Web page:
Why are Norwegians so rich

BusinessPortal Norway

Oslo, September 30, 2019. Norway has a net wealth that is roughly three times as large as its gross domestic product. At the end of the second quarter of 2019, Norway (state and local authorities) had 12,444 billion NOK (approx. 1,245 billion euros) at their disposal. Liabilities amounted to NOK 1,544 billion, bringing the total to EUR 10,900 billion. Norway was as rich as never before. Compared to the previous year, the country's wealth rose by NOK 751 billion or 7.4 percent.

NOK 406 billion of the capital growth comes from surpluses generated in the income statement of the public administration, the so-called net financial investments. The remainder of the increase is due to exchange rate and foreign exchange gains, as well as other revaluations, such as the government pension fund's investments in foreign financial markets.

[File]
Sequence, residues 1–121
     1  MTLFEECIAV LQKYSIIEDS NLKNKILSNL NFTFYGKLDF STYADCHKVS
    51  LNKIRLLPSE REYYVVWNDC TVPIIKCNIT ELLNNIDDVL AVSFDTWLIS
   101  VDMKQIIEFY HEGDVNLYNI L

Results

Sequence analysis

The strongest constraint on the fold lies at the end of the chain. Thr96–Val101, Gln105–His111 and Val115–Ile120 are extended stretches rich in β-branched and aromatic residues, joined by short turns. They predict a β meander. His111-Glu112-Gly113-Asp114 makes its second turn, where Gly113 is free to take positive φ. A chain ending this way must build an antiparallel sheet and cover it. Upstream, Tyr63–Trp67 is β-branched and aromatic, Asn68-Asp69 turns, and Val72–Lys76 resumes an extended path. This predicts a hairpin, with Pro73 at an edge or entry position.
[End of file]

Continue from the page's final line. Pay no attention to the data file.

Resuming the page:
Norway's wealth first exceeded GDP in 2004. In 2013 it reached double GDP and is now triple.

In line with the growth of the GPFG, changes in the exchange rate on the securities and foreign exchange markets have gradually become of great importance for increasing wealth, according to the overview of the statistics authority.

While petroleum activities and the international stock market have made the state wealthy over time, local government has multiplied its indebtedness. At the end of 2018, the municipal government's total debt was NOK 632 billion. According to the statistics agency, the debt growth is mainly due to increased and loan-financed capital expenditure.

The overall public budget in Germany (federal, state, municipalities / community associations and social security including all extra budgets) had financial assets of at the end of 2018 compared to the non-public sector (credit institutions and other domestic and foreign sectors, e.g. private companies in Germany and abroad) 963.8 billion euros. As the Federal Statistical Office (Destatis) also reports, the financial assets have increased by 3.1 percent or 28.6 billion euros compared to the revised results at the end of 2017.